Cortez Masto: US Olympic Governing Bodies Need Advocates Who See Athletes as People, Not Commodities
Sen. Cortez Masto questions U.S. Olympic Athletes during a Commerce Subcommittee hearing.
Washington, D.C. – In today’s Senate Commerce Subcommittee on Consumer Protection, Product Safety, Insurance, and Data Security hearing, U.S. Senator Catherine Cortez Masto (D-Nev.) met with Olympic athletes who are survivors of sexual abuse. Cortez Masto requested this hearing in the wake of revelations that generations of young athletes had been subject to sexual abuse as they moved through the Olympic system. The Senator is also working with her colleagues to hold additional oversight hearings and compel representatives from U.S. Olympic Committee (USOC) to testify before the committee.
This hearing provided a forum for survivors to discuss specific concerns and challenges they face working to prevent abuse in their respective sports. The athletes also had the opportunity to provide lawmakers with feedback related to the Protecting Young Victims from Sexual Abuse and Safe Sport Authorization Act of 2017. This legislation, cosponsored by Cortez Masto and which was recently signed into law, authorizes an independent entity to investigate and prevent abuse.
Cortez Masto’s questioning focused on the need for athlete advocates who are not beholden to or employed by the Olympic governing bodies. She asked the witnesses for their feedback on a proposal that would appoint advocates tasked exclusively with representing the concerns of child athletes.
“First of all let me say thank you to the Chairman for holding this hearing today. I know Senator Lee and I and a number of committee members had requested this so we appreciate the conversation today. And then I want to thank you all of you for being here. Your voices will make that change. Your voices will make a difference and help others,” said Cortez Masto.
“Prior to coming to the Senate, I spent ten years as a prosecutor working to protect children from sexual predators. What I have seen and heard here today is a system failure that has allowed these predators to thrive. In my experience, I have found that we can prevent child abuse if we have an advocate working within the system. Somebody who is there with the athletes. Somebody who athletes can become familiar with, knowing that this person is somebody who is going to advocate on their behalf,” Cortez Masto continued.
Cortez Masto concluded her statement by asking: “Do you think if we were looking at implementing and working with the USOC to appoint child advocates to work within the system, that that would be helpful and would have helped you and would help other children coming through the amateur sports to help them address their needs?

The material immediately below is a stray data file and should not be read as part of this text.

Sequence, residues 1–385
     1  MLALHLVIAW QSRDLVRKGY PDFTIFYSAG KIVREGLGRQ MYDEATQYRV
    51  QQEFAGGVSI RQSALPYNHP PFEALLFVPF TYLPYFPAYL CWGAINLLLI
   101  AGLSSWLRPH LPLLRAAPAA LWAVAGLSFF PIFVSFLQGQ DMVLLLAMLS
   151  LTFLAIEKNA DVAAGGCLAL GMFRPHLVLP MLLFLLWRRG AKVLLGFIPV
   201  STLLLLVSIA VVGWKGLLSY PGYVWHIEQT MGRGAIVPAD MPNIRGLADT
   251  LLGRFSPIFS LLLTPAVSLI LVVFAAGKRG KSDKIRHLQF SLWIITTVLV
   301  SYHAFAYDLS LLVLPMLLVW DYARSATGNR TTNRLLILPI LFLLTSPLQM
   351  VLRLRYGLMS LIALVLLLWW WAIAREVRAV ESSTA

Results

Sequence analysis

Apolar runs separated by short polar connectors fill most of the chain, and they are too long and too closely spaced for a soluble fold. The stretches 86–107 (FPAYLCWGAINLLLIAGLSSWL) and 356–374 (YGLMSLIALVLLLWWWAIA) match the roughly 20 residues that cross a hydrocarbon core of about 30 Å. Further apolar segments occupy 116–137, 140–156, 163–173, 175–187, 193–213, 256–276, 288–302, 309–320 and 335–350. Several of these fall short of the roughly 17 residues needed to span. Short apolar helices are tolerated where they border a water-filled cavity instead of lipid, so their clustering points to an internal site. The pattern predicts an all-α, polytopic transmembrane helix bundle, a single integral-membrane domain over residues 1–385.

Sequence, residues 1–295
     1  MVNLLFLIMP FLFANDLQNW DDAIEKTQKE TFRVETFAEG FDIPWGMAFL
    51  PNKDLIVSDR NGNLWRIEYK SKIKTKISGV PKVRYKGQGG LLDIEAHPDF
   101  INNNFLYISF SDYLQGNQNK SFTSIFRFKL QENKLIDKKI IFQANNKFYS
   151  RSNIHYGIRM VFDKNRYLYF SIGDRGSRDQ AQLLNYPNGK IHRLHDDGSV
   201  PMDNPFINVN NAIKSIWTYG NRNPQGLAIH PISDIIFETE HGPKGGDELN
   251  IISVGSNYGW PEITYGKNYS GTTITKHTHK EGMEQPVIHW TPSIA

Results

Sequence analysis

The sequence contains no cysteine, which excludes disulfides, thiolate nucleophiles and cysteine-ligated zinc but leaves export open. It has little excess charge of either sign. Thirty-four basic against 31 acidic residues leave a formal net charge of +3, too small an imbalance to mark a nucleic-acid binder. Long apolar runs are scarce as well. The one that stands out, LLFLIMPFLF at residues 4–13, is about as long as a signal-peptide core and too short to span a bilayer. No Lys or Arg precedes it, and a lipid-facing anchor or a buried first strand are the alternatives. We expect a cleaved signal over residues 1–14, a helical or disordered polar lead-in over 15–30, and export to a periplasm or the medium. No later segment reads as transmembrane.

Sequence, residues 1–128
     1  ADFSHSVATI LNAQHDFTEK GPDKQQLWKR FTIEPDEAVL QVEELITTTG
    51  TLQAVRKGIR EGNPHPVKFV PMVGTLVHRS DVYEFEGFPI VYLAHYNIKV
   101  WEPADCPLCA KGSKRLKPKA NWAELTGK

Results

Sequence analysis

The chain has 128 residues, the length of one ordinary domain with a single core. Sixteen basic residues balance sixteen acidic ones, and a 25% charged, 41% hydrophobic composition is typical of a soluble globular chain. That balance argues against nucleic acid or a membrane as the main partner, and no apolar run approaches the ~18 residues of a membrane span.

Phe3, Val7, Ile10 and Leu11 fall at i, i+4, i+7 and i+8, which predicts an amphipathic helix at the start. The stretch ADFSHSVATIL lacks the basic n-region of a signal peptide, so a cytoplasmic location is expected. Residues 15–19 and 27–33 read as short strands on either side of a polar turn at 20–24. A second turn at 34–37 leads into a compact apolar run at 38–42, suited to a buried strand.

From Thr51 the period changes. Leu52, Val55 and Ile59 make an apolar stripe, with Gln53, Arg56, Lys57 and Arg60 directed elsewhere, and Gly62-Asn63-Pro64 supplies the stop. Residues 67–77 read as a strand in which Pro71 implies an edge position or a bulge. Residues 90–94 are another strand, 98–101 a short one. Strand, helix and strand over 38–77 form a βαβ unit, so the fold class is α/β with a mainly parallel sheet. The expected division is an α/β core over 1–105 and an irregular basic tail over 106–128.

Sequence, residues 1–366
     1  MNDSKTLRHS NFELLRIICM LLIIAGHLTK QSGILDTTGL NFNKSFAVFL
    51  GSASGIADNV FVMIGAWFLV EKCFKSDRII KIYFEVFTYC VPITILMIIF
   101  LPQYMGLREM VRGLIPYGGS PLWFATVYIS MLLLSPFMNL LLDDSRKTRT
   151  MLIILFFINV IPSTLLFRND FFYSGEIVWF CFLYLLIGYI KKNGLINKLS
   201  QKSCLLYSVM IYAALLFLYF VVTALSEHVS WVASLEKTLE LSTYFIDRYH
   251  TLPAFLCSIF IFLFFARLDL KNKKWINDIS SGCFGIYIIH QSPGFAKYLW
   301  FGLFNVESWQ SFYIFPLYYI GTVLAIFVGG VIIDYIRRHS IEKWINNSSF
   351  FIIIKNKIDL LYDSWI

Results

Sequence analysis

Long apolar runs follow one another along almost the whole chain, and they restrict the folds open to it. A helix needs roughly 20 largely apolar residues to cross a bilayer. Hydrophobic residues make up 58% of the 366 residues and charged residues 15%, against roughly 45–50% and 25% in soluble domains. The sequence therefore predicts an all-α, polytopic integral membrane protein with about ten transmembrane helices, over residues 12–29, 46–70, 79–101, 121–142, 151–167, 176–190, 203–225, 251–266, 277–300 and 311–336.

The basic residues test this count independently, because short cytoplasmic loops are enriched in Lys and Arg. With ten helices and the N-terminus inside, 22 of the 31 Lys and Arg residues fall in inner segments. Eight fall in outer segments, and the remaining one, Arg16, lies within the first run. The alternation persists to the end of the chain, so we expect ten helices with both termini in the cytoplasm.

Jordyn Wieber, Gymnast and Olympic Gold Medalist replied, “I absolutely think that’s necessary. With USA gymnastics we had an athlete representative who was also on the selection committee so she was supposed to be our advocate but she was also the one deciding whether we made the team. So even if she would be there to advocate for us we didn’t want to tell her anything, we were scared it was going to ruin our chances, which we know it probably would have. So I feel very strongly that that has to be someone who is not on the selection committee who is totally on the athletes’ side and that’s their main role, making sure that we can trust them and that they’ll stand up for us.”
Cortez Masto has been working as an advocate for survivors of sexual abuse for over two decades, first as a federal prosecutor and later as Attorney General of Nevada.
Cortez Masto is a co-sponsor of the Protecting Young Victims from Sexual Abuse Act of 2017, a law that amends the Victims of Child Abuse Act of 1990 to extend the duty to report suspected child abuse, including sexual abuse, to certain adults who are authorized to interact with minor or amateur athletes at a facility under the jurisdiction of a national governing body. This bill was signed into law in February 14, 2018.
Cortez Masto is also a cosponsor of a resolution to establish a special committee in the Senate to investigate the U.S. Olympic Committee (USOC) and USA Gymnastics regarding how team doctor Larry Nassar was allowed to sexually abuse female gymnasts over decades.
This past January, she and Senator Mike Lee (R-Utah) sent a bipartisan letter to Commerce Committee Chairman John Thune (R-S.D.) and Ranking Member Bill Nelson (D-Fla.) urging them to hold today’s hearing.
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